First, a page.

Pump-and-Dump (P&D) schemes to manipulate the prices of cryptocurrencies are unlike the P&D schemes found in the equity market.  They produce very large price distortions on the order of 65%, very large trading volumes of 13.5x the average, and generate very large profits to cryptocurrency manipulators.  They target illiquid coins but only have temporary, short-term impact on prices.  In contrast to equities, the authors of this article argue P&Ds in the crypto market are more like gambling, where the players attempt to be the first to buy a pumped-up currency and then sell before the price of the currency implodes. In sum, while P&D crypto schemes are short-term in nature, they do generate extremely large trading volumes as well as extreme distortions in price.

A New Wolf in Town? Pump-and-Dump Manipulation in Cryptocurrency Markets

  • Anirudh Dhawan and Talis J. Putnin
  • Review of Finance
  • A version of this paper can be found here
  • Want to read our summaries of academic finance papers? Check out our Academic Research Insight category.

What are the research questions?

The analysis was conducted using data from two cryptocurrency exchanges (Binance and Yobit), plus the chat history from 72 Telegram pump-and-dump channels. Data included the prespecified date, time and exchange of each pump signal, and name of the pumped coin, number of groups participating, and number of previous pumps conducted by each group. This data set guaranteed the pump group administrator made an explicit communication that the pump was intended.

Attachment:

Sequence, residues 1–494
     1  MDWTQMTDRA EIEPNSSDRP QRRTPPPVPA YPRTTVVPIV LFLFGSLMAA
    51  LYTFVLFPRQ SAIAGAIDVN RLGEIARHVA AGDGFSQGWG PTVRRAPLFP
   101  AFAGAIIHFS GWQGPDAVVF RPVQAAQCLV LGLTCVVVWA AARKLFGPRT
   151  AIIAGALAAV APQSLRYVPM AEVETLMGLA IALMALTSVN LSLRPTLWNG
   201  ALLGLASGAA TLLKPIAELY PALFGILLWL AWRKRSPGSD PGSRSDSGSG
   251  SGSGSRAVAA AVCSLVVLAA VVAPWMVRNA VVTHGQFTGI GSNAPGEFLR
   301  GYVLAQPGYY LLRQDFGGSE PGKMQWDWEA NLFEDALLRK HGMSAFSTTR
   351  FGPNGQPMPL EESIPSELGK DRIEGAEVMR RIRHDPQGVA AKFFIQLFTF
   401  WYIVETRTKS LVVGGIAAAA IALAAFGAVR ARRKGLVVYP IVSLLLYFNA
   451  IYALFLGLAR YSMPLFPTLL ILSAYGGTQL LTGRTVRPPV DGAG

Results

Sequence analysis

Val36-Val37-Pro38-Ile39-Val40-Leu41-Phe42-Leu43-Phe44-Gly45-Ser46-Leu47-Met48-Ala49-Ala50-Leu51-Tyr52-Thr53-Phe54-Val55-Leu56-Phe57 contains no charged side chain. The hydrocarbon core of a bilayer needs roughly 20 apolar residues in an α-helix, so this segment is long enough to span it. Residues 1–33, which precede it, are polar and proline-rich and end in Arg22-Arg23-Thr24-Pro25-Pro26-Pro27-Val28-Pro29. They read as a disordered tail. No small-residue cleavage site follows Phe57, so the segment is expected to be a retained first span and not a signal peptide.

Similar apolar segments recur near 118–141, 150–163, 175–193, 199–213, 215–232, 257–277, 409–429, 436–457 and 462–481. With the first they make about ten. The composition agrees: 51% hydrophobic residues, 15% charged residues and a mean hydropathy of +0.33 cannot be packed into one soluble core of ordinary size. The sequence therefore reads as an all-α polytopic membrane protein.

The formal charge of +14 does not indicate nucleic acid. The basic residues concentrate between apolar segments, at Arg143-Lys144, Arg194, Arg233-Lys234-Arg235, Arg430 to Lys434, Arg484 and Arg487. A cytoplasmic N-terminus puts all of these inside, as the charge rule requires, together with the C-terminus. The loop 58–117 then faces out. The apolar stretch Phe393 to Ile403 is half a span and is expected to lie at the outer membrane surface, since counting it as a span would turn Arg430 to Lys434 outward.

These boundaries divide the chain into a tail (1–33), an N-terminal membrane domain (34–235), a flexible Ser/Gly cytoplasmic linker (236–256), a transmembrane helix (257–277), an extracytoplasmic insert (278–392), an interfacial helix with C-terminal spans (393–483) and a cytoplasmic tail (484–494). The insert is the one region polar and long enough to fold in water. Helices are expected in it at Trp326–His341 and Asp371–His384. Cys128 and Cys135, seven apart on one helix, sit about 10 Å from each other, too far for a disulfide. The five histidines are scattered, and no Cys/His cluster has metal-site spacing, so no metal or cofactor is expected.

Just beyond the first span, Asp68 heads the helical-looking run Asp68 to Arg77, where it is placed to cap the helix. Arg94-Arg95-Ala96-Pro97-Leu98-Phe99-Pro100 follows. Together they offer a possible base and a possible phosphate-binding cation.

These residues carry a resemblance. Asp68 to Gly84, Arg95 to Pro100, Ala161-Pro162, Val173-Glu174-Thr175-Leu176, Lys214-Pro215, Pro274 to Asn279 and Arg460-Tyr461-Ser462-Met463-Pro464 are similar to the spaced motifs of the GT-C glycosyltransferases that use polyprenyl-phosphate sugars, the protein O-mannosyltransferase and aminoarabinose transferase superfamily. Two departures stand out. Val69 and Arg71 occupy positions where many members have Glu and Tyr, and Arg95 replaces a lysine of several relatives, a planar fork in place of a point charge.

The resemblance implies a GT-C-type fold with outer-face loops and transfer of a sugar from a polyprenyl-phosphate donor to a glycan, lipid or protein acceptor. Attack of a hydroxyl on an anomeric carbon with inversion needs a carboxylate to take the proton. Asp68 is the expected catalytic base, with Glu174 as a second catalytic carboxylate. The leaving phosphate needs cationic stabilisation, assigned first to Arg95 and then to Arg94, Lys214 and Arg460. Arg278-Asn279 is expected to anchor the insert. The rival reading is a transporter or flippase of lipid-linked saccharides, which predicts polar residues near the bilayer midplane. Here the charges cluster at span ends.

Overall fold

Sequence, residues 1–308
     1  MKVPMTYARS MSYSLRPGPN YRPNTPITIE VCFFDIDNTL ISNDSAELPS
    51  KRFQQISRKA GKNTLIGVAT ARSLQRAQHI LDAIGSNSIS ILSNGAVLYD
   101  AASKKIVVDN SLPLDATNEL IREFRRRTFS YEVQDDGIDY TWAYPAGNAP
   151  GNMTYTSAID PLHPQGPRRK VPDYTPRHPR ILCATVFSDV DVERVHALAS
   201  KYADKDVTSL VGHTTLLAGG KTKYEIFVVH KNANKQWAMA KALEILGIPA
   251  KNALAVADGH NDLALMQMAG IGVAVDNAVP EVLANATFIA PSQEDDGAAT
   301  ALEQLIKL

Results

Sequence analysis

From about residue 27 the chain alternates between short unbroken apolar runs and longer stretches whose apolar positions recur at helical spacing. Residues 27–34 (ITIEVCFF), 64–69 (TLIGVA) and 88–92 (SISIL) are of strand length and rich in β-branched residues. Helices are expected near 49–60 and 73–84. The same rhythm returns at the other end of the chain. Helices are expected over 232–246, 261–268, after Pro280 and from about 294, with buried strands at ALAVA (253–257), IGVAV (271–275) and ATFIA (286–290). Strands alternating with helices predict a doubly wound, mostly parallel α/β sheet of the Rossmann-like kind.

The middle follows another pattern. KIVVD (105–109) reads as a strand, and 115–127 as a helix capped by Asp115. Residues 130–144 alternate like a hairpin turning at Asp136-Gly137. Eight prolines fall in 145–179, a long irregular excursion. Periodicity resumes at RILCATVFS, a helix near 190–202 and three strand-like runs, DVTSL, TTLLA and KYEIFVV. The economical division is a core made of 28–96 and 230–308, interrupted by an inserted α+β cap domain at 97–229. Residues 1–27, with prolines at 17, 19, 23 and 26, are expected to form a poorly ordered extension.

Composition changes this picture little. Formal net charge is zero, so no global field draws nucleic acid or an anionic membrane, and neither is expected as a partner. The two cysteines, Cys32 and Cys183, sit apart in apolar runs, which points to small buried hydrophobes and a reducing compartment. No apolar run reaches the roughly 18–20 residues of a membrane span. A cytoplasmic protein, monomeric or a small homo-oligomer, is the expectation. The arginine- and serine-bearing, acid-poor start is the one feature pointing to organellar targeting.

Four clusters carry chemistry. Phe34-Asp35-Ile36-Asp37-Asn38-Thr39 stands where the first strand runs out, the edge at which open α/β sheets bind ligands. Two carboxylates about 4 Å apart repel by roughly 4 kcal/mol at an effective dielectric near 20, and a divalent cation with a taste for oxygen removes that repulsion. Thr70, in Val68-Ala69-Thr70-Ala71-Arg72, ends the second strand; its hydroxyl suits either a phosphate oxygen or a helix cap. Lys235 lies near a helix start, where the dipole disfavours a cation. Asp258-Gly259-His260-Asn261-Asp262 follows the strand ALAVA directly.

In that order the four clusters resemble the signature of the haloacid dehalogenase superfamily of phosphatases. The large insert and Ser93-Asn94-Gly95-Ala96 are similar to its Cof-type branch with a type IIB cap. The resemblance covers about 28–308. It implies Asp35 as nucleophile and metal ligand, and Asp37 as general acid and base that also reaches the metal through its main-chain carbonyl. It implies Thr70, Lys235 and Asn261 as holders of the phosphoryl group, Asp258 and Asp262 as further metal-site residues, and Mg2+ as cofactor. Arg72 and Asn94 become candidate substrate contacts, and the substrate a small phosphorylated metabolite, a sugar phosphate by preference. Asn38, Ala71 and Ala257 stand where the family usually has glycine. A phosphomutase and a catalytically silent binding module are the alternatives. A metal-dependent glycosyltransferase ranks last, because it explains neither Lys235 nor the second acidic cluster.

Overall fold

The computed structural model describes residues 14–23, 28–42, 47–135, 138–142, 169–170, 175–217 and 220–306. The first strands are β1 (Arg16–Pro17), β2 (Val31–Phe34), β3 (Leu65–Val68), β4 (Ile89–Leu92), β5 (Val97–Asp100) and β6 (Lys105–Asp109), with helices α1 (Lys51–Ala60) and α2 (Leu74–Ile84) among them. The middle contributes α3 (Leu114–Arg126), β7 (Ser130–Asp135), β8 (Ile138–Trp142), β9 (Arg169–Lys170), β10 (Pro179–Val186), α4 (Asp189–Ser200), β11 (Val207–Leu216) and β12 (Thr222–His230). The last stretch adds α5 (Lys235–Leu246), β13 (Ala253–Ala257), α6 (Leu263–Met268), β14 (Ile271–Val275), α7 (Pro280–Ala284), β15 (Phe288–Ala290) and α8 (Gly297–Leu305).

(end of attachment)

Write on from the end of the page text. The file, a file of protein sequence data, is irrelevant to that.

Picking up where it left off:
1. Why are the characteristics of investors who participate in pump-and-dump crypto schemes?
  2. What are the patterns of coin prices and trading volume in a typical P&D scheme?
  3. What factors affect pump-and-dump outcomes?

What are the Academic Insights?

  1. The authors describe these investors or players, in theory, as overconfident with a tendency to overestimate their own skill at timing the peaks of crypto prices.  To this set of investors, P&Ds seem to be a profitable opportunity.  A similar assessment would be applied to those who are simply attracted to the probability of a large payoff, especially since P&Ds have been generated from a distribution of payoffs that are skewed to the right. A rational investor would avoid P&Ds unless they were in possession of some type of skill or trading advantage.  Citing the notion that pumps represent zero-sum games where investor wealth is simply redistributed between the P&D players, excluding manipulators of the scheme, P&D players in the aggregate lose money. So, how do these schemes maintain participation? Pump-and-dump schemes appear to be a function of two behavioral factors: overconfidence and gambling characteristics.
  2. A quick snapshot of the price dynamics: As manipulators build their initial positions, prices of the targeted cryptocurrency tend to rise by 10%, approximately 15 minutes before the pump signal. As non-manipulators or players enter the scheme, prices rise 40% further after the signal. After the peak, prices begin to fall slowly until they reach the price just prior to the initiation of the scheme.  Trading volume follows a similar pattern. Fifteen percent of trading volume also occurs within the first 15 minutes, peaking just after the signal and gradually becomes more subdued during the “dump” phase.
  3. Regression analysis was conducted to examine the relationship between pump outcomes and various characteristics of the crypto market.  Here are the findings:
    • A positive and significant relationship between manipulator profits and the size of pump participation.  An increase of 1% in participation is associated with almost a 1% increase in profits.
    • A weak relationship existed between profits and illiquidity.  The relationship was negative but not significant.